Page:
[fpc-devel] Pascal Standard, and what we can do.
Mark Morgan Lloyd
markMLl.fpc-devel at telemetry.co.uk
Sun Jul 19 12:55:33 CEST 2015
Jonas Maebe wrote:
> Den wrote:
>> Just like ECMAScript,
>> C++, PHP, most languages now have a 'standards' document behind it.
>> That's their *roadmap*. Their *leadership*. Design it and the
>> *community* will show *support*.
> ISO Pascal and ISO Extended Pascal were like that in the early 90s:
> 1) there was an official ISO standard and standards committee for it
> 2) there were a number commercial compilers supporting it such as HP
> Pascal and IBM's compiler for its System/370
> 3) later on (in 1996) a GCC-based implementation arrived for it (the
> equivalent of the LLVM of the moment)
> And still almost no one uses ISO/Extended Pascal anymore. Why? Possibly
> because the de facto Pascal standards had already become Think Pascal on
> the Mac and Turbo Pascal on the PC by then, and none of those
> programmers wanted to rewrite all of their code (although Think Pascal
> was a bit closer to ISO Pascal). Or maybe because in general, many
> people just preferred those language dialects for one reason or another.
> In any case, introducing one new standard to rule them all seldom (if
> ever) works (and you can bet someone will be unable to resist to add a
> link to the related xkcd comic).
I was selling and supporting development tools in the late 80s. From
memory, there was one compiler (in the PC arena) that prided itself on
robust ISO Pascal support and expressed little interest in extending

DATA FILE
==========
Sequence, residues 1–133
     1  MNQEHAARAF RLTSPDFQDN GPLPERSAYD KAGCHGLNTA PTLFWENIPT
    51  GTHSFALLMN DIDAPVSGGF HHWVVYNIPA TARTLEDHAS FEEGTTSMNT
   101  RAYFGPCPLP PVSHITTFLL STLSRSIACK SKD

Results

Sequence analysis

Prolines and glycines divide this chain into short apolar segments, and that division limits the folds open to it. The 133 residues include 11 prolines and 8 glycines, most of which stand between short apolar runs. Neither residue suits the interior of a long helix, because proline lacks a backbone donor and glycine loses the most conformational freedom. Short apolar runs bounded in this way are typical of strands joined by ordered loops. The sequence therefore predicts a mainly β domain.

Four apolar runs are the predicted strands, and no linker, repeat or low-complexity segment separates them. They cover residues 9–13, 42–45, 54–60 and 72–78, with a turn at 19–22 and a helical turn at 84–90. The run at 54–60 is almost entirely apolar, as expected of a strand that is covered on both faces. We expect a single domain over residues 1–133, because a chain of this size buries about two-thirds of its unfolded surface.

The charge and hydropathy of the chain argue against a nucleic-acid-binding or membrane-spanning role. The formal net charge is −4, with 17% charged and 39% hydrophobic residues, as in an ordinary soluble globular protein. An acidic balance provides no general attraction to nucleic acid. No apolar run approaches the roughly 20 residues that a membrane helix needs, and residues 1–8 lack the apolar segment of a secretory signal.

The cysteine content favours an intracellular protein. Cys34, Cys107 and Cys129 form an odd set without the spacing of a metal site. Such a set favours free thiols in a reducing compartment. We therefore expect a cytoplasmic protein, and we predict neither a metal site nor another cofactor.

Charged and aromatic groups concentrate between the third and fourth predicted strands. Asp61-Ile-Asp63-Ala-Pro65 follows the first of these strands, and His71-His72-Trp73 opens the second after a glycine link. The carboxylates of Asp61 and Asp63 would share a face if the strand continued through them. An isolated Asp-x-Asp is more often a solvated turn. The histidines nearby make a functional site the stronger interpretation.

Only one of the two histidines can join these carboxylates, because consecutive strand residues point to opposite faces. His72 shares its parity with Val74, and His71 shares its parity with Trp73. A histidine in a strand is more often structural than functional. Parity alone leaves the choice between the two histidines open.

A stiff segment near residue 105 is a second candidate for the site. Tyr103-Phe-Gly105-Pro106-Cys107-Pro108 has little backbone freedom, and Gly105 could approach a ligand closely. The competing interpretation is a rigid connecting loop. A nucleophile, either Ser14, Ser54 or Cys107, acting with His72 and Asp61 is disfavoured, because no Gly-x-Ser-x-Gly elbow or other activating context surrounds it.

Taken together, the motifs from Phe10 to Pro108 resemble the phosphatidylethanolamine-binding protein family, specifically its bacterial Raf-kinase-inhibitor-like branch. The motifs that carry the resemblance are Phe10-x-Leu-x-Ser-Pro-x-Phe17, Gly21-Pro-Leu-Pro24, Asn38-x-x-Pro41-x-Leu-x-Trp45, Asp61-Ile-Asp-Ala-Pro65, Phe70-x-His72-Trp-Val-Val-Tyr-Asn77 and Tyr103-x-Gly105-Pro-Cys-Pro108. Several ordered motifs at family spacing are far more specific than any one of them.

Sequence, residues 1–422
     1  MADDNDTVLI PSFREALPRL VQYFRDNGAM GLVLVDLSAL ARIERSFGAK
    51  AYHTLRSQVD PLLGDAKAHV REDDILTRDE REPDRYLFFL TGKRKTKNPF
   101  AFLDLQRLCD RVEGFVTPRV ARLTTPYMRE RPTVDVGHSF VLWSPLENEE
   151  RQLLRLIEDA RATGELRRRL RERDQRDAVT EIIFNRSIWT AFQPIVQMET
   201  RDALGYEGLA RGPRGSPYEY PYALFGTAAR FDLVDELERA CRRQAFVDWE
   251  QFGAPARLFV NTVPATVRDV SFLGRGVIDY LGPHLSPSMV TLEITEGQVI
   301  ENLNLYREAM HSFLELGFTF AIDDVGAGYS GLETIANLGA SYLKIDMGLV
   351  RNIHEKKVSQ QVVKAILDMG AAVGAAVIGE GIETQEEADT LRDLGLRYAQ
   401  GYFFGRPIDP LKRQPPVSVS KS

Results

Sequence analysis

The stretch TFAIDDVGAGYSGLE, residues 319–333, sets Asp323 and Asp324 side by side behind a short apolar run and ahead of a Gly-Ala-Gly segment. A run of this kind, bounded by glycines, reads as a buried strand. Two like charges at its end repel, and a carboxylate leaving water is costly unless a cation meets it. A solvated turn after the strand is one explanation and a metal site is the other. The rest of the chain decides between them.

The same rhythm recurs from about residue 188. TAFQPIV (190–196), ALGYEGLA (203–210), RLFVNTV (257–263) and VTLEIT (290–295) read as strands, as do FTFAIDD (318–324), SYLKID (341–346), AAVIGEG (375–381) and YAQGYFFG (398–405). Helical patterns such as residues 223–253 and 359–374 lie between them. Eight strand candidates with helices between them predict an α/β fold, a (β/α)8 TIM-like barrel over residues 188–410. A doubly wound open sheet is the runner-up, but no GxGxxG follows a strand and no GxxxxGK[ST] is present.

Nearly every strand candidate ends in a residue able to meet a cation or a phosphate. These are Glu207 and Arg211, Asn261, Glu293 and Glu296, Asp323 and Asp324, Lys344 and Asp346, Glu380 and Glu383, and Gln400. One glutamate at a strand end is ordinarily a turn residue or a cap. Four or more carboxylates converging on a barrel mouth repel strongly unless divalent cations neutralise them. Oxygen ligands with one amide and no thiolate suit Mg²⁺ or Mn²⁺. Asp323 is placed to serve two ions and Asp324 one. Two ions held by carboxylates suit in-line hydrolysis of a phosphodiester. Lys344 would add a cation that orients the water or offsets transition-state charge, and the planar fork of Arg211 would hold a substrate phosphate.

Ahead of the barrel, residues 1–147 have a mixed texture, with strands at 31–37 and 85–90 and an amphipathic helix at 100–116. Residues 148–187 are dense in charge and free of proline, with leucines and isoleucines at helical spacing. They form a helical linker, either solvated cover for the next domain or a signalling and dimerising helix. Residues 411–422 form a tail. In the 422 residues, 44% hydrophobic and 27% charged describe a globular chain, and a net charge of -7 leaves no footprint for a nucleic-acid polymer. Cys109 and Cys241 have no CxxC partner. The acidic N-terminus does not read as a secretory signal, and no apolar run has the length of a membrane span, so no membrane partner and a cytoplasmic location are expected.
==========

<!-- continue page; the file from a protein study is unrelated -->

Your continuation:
towards any of the de-facto standards: nobody bought it. Their Wp page
still claims "It is the only compiler in existence that fully implements
the ISO 10206 standard for Extended Pascal."
I still have occasional problems with an "old hand" on a private
conferencing system I use. He worked for Olivetti in the 80s, and found
that he and his colleagues were mandated to write an operating system
and support software in unextended ISO Pascal. In retrospect, that is
universally recognised as being an inappropriate combination, but almost
everybody at the time could see it as well... he still misses no
opportunity to denigrate pascal as being grossly incomplete for "real work".
This one? https://xkcd.com/927/
> Standards do not magically make a language more popular. They only work
> if they follow from a desire of an entire community to design one and to
> adhere to it. "Design it and the community will show support" is exactly
> the opposite of what happens in practice.
Which in practice means that we'd need to get all of the major
"post-Borland" compilers pulling in the same direction, starting off
with Gnu Pascal, and would need to get Embarcadero committing themselves
to long-term language stability.
Formal standards only work if they have the support of a major standards
body from day one. And informal industry standards normally take the
form of openly-published documentation, and we've got that in abundance
(but if Den wants to help with the indexing, I'm sure we'd all
Mark Morgan Lloyd
markMLl .AT. telemetry.co .DOT. uk
[Opinions above are the author's, not those of his employers or colleagues]
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